Symptoms

Symptoms

What is happening in the skin?

Psoriasis causes skin cells to grow too quickly and build up on the surface of the skin. These extra skin cells form thick, silvery scales and itchy, dry, red patches (plaques) that are sometimes painful.

 

A

Kertain Layer

B

Epidermis

C

Dermis

D

Subcutaneous layer

E

Scales and plaques

 

Psoriasis or something else?

The symptoms of psoriasis can be difficult to distinguish from those of many other skin conditions.

Some of the more common symptoms of psoriasis include:

  • raised, red, inflamed lesions covered in silvery scaly plaques

  • small, red, individual spots

  • dry skin that may crack and bleed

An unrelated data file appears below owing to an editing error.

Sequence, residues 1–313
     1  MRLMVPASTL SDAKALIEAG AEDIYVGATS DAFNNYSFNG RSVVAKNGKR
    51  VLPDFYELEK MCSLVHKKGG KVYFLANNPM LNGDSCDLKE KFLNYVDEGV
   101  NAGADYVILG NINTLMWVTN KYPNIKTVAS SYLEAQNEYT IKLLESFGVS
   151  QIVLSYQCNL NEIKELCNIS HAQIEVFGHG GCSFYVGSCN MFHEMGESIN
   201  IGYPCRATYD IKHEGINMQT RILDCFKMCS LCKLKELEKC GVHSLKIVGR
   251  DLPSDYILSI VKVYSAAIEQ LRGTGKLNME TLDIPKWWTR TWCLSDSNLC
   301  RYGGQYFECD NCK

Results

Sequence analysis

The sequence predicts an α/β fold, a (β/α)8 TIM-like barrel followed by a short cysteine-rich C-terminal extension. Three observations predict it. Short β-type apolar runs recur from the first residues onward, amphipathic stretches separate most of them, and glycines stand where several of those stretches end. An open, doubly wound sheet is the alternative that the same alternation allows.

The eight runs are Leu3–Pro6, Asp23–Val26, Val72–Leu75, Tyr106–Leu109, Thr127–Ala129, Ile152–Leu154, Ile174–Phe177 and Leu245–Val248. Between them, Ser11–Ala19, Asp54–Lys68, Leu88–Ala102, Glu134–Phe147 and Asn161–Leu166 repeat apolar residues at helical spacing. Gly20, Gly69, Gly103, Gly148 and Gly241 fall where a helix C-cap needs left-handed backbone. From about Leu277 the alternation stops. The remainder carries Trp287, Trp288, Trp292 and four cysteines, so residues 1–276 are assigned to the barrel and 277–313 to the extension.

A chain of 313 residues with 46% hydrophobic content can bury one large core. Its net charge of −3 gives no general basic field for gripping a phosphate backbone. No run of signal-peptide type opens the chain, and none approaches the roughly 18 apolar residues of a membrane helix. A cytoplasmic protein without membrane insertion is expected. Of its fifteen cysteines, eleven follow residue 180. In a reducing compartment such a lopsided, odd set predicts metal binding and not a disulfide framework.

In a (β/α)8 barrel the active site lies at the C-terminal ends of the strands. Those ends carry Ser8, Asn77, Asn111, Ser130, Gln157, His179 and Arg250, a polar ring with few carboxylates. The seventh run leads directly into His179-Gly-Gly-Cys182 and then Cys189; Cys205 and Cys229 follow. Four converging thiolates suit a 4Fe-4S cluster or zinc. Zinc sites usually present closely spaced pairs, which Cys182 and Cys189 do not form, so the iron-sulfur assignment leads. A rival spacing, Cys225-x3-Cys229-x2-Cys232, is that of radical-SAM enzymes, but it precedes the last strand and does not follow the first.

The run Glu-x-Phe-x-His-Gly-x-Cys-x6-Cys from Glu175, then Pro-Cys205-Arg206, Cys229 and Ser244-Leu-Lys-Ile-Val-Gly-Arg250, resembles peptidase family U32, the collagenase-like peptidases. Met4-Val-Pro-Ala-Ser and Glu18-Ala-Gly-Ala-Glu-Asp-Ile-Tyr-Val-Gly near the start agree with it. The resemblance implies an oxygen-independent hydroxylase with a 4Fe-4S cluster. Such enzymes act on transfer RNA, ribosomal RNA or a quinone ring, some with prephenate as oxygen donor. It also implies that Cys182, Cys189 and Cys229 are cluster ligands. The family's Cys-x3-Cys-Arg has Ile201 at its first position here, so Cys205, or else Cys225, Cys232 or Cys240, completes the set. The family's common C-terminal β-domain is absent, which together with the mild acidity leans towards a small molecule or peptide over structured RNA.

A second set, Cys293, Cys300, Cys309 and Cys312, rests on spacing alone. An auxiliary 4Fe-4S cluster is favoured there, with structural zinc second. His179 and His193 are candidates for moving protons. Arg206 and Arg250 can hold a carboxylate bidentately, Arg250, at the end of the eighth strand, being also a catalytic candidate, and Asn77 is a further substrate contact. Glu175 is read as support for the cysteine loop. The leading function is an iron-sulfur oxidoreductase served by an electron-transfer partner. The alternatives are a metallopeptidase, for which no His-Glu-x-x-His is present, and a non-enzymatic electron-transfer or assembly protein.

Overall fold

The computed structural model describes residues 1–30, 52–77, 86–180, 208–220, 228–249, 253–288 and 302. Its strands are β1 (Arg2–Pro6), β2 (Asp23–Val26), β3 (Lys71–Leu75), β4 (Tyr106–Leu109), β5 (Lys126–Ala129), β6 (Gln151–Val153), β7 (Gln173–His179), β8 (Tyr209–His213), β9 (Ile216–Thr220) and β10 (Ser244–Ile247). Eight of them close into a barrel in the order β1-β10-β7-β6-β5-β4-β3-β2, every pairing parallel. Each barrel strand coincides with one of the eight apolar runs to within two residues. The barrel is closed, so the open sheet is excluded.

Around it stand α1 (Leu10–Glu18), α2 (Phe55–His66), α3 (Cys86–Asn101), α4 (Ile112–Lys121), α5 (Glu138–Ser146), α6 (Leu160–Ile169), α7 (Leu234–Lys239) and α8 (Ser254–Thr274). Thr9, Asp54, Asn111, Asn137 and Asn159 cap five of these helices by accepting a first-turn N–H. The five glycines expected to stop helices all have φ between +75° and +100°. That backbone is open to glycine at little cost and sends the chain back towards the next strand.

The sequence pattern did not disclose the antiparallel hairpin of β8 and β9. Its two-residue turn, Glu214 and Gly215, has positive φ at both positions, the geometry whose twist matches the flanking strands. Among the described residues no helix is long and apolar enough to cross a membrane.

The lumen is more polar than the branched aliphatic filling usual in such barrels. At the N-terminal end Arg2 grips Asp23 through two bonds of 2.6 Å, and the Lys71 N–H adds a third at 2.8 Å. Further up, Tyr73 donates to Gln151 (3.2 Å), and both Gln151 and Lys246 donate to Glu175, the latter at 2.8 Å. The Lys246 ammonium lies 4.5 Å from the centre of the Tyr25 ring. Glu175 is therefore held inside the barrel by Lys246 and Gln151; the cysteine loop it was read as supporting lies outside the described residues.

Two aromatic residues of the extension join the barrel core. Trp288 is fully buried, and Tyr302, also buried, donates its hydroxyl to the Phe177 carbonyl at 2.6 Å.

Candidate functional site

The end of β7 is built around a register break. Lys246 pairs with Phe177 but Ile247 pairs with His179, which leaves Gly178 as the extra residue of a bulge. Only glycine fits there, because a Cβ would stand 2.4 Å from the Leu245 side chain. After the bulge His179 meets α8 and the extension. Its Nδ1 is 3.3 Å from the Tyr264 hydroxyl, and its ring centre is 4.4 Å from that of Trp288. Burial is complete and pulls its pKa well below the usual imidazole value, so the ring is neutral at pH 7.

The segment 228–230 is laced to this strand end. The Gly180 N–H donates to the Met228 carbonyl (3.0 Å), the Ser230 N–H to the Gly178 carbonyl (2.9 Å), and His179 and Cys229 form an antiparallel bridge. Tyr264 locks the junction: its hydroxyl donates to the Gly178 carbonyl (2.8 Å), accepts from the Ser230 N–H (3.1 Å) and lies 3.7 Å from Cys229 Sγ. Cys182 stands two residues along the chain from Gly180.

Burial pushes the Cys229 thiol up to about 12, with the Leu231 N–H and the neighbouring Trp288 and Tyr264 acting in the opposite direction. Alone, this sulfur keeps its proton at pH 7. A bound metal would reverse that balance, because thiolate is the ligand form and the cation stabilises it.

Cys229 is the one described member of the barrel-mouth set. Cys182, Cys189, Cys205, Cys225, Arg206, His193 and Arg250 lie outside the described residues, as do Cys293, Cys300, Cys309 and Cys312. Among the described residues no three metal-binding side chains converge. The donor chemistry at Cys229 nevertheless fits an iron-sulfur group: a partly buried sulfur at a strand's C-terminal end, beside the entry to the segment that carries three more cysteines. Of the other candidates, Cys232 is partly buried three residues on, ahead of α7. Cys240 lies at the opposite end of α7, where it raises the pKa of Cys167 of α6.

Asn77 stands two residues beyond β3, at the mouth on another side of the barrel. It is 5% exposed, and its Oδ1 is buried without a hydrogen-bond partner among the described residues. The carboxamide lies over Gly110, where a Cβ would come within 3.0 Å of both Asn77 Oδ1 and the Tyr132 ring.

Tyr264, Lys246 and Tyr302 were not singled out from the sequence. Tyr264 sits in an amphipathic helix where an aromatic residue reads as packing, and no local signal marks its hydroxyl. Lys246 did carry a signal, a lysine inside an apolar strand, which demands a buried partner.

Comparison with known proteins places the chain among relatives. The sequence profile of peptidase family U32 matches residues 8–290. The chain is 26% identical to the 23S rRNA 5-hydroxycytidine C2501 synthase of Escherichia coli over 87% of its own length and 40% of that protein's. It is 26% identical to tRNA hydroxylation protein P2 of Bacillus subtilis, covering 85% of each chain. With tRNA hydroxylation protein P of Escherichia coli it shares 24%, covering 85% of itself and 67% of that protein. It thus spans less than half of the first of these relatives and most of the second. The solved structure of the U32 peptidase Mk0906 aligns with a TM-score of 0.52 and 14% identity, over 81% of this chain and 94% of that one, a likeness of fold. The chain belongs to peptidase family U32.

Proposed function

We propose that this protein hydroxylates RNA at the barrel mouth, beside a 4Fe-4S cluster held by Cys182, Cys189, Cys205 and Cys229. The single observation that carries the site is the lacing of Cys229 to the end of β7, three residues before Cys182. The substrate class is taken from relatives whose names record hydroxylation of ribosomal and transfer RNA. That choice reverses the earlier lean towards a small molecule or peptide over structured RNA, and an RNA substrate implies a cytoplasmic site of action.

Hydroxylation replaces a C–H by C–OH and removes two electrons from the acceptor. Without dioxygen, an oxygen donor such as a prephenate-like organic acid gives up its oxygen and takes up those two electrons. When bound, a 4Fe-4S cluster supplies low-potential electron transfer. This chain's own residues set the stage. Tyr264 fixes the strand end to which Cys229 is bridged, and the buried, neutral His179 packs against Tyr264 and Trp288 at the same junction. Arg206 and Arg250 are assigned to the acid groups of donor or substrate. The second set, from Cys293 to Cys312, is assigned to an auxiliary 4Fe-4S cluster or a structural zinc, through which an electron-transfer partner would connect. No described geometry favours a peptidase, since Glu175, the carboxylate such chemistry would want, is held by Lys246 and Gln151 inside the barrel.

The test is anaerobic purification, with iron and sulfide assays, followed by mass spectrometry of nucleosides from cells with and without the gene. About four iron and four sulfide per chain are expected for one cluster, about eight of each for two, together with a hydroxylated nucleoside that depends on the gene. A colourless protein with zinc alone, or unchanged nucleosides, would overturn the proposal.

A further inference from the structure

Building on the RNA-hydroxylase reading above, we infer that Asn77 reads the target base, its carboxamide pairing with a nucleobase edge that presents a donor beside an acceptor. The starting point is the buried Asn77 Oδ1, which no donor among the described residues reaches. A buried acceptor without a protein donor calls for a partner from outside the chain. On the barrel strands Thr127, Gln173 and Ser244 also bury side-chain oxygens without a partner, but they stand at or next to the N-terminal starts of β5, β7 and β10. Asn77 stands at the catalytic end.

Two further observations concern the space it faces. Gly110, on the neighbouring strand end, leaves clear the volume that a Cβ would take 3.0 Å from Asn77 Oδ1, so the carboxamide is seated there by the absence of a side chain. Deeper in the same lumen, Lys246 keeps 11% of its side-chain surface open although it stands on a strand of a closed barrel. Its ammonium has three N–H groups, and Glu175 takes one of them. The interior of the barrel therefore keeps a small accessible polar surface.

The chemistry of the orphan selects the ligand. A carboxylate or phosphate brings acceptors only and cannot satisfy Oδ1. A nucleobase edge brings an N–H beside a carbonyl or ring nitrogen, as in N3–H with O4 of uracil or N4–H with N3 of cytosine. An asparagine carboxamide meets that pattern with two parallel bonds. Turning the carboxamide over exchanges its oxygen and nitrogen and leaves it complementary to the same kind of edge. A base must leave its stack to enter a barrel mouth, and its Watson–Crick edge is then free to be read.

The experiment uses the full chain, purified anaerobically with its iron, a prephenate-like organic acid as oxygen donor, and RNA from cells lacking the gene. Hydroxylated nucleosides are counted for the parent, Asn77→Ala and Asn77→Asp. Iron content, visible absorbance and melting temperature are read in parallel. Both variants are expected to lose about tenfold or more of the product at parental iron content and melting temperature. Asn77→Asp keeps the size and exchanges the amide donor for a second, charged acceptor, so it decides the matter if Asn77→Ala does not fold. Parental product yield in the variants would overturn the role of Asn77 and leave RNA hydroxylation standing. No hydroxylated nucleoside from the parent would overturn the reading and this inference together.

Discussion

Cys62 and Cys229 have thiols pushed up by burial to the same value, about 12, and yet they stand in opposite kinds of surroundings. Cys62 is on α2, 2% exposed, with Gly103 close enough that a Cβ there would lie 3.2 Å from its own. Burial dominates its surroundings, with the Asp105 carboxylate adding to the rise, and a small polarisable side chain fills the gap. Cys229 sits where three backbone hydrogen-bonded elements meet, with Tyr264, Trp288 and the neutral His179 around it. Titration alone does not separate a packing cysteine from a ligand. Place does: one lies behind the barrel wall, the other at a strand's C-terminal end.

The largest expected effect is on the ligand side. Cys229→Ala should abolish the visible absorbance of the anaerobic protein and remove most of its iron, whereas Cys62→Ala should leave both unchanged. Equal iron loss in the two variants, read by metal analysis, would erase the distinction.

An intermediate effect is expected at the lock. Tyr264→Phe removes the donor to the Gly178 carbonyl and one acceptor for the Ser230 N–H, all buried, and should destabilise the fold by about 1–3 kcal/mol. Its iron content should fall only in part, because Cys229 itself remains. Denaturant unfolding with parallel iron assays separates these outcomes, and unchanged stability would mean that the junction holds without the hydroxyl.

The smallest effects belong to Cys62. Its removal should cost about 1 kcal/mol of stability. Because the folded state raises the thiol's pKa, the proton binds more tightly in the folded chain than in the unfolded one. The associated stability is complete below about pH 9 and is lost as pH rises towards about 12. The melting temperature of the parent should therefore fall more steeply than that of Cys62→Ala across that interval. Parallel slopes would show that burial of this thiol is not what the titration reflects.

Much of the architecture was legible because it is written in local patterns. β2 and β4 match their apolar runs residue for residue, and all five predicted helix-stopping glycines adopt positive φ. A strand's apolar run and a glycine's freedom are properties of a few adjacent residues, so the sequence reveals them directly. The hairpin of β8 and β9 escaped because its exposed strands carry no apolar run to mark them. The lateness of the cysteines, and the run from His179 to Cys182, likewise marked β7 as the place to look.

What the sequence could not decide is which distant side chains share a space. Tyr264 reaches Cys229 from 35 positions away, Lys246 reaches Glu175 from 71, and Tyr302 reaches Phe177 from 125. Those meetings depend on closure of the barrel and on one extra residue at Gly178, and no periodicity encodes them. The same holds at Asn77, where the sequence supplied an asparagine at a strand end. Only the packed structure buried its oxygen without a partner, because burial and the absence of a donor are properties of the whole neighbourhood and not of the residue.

• itching, burning, or soreness of the skin

  • thickened, pitted nails or separation from the nail bed

  • swollen, stiff joints.

Psoriasis affects everyone differently, and it’s best to have any symptoms checked out by a doctor when the following signs are present:

  • progression beyond the nuisance stage, causing discomfort and pain

  • makes performing routine tasks difficult

  • causes you concern about the appearance of your skin

  • leads to joint problems, such as pain, swelling or inability to perform daily tasks.

This educational resource is not intended to replace discussions with your healthcare team. If you have any questions about your condition or treatment, please contact your doctor.